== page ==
Multi-Cap Vs. Mid-Cap

Individual investment options can include multi-cap stock portfolios and mid-cap stocks.
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When building a stock portfolio, including a diversified group of stock investments can smooth out your returns and reduce the volatility of your investments. By investing in a multi-cap portfolio, you are buying into a combination of companies of various sizes that fall under various categories, such as small-cap, mid-cap and large-cap. A mid-cap investment can be a part of a multi-cap portfolio; the term "mid-cap" refers to a stock investment in a mid-sized company.

Characteristics of Multi-Cap Portfolios

A company’s market capitalization (or "cap" for short) refers to the dollar value of outstanding shares. To calculate market cap, take the number of outstanding shares and multiply by the market price of one share. Large-cap companies are typically companies with approximate market values greater than $10 billion. Mid-caps are companies with a value between $2 and $10 billion, and small-caps fall between $300 million and $2 billion. Micro-caps are in the $50-million to $300-million range; and nano caps, usually referred to as penny stocks, have a value under $50 million.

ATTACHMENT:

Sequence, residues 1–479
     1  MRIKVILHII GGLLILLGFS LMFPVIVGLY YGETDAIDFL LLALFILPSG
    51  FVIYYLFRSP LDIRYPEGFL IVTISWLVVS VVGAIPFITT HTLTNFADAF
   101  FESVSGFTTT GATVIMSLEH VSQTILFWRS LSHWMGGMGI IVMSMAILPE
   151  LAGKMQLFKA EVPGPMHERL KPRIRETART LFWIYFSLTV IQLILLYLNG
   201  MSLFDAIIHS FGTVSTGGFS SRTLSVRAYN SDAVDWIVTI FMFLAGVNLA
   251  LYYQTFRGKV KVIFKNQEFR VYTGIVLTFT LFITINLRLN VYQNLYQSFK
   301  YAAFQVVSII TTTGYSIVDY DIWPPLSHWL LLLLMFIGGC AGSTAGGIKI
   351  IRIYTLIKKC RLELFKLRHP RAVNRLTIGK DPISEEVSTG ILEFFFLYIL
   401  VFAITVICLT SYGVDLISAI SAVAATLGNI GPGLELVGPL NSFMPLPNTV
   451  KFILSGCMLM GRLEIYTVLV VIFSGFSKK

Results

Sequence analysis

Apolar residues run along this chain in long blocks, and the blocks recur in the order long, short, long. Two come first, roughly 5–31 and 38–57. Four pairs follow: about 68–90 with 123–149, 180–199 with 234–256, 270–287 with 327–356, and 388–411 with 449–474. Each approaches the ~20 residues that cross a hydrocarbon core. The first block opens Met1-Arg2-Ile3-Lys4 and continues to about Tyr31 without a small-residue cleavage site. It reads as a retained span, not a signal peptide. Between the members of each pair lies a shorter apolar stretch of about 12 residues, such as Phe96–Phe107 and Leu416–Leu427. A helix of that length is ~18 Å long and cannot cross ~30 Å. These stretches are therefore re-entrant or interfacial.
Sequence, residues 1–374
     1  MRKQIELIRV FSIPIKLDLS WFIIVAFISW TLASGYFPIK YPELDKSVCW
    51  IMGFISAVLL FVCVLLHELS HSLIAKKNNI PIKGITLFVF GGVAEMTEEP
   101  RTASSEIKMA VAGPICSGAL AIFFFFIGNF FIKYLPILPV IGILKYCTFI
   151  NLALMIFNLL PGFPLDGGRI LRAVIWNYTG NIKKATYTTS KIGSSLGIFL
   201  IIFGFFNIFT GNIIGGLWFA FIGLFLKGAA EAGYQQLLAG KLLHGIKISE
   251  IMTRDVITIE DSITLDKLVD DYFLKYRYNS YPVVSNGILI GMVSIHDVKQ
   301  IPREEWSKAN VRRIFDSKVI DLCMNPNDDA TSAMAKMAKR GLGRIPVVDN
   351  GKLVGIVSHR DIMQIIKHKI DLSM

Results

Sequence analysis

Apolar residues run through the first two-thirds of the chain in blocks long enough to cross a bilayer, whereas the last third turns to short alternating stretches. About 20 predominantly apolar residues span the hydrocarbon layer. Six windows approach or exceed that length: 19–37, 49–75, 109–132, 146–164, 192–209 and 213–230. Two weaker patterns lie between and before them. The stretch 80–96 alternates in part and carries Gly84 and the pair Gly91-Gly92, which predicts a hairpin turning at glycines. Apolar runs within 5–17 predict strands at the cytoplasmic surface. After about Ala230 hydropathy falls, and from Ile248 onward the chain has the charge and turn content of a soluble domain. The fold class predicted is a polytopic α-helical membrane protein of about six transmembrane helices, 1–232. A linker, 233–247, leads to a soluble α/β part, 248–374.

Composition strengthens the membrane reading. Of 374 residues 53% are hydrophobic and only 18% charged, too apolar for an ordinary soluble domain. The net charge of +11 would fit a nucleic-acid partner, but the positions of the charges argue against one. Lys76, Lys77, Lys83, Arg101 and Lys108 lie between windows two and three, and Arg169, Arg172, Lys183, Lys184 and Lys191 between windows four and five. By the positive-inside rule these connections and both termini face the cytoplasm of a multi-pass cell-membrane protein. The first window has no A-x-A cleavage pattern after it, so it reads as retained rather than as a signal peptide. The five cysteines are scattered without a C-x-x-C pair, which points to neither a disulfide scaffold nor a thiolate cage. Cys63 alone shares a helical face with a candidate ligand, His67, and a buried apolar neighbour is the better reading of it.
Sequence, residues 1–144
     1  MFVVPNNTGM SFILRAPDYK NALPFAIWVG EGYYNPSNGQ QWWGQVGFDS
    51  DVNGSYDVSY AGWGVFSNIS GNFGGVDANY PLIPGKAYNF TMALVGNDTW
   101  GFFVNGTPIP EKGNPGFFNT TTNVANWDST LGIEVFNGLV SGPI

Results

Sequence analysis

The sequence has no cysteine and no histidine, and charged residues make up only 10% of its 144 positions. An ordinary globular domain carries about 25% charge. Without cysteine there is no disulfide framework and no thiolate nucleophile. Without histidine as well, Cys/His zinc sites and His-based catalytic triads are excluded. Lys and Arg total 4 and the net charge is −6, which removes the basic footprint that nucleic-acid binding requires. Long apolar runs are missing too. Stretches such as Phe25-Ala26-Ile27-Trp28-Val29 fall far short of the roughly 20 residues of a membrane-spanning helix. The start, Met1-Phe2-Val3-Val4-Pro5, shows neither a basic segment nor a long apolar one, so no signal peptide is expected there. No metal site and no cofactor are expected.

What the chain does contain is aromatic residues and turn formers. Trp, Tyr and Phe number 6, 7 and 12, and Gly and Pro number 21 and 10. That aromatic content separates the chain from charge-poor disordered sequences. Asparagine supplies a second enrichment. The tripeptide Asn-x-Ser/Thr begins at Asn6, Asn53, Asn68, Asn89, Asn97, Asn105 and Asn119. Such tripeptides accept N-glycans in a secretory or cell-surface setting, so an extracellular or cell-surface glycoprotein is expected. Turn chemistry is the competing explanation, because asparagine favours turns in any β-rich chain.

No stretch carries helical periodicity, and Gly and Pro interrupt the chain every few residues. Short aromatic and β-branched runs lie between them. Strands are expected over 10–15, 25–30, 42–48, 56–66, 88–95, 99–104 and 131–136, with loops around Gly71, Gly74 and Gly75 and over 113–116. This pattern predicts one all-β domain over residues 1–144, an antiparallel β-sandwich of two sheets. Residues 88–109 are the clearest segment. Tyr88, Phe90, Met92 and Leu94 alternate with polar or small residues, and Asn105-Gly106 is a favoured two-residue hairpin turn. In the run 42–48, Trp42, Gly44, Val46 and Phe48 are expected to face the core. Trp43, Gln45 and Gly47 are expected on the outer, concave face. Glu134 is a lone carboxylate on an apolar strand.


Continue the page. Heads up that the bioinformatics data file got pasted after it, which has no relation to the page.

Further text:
Advantages & Disadvantages of Multi-Caps

Multi-cap portfolios balance out the risk and reduce the volatility that comes with stock investments. Larger, well-established companies tend to do better during tough economic times than smaller companies, and they can provide a lower, yet stable, investment return. Smaller companies have greater growth potential than larger companies and can provide an investor with greater investment returns. Mid-caps can stabilize portfolio returns with greater growth potential than the larger stocks and less risk than the smaller stocks. Regardless of the company’s size, all stock investments carry the risk of investment loss, and you should closely monitor your investments since business conditions can change daily.

Characteristics of Mid-Caps

Mid-cap stocks belong to mid-sized companies. Since these businesses are smaller than large caps, they may still have room for future growth that can provide an investor with capital gains, if their stock price goes up. Due to their smaller size, mid-caps can have a greater ability to adapt to changes in market and business conditions than large caps. They have also been in business long enough to avoid mistakes usually made by small caps.

Advantages & Disadvantages of Mid-Caps

Mid-caps can be beneficial to a stock portfolio with large- and small-cap stocks. They can provide a better investment value than large caps, which tend to have high market prices. Unlike small-caps, a mid-cap’s larger size can signal that it's at a stage where growth is occurring more slowly and risk and volatility in the stock has decreased. However, like all stock investments, mid-caps still carry a certain amount of risk, which could be higher than the risk associated with large caps.

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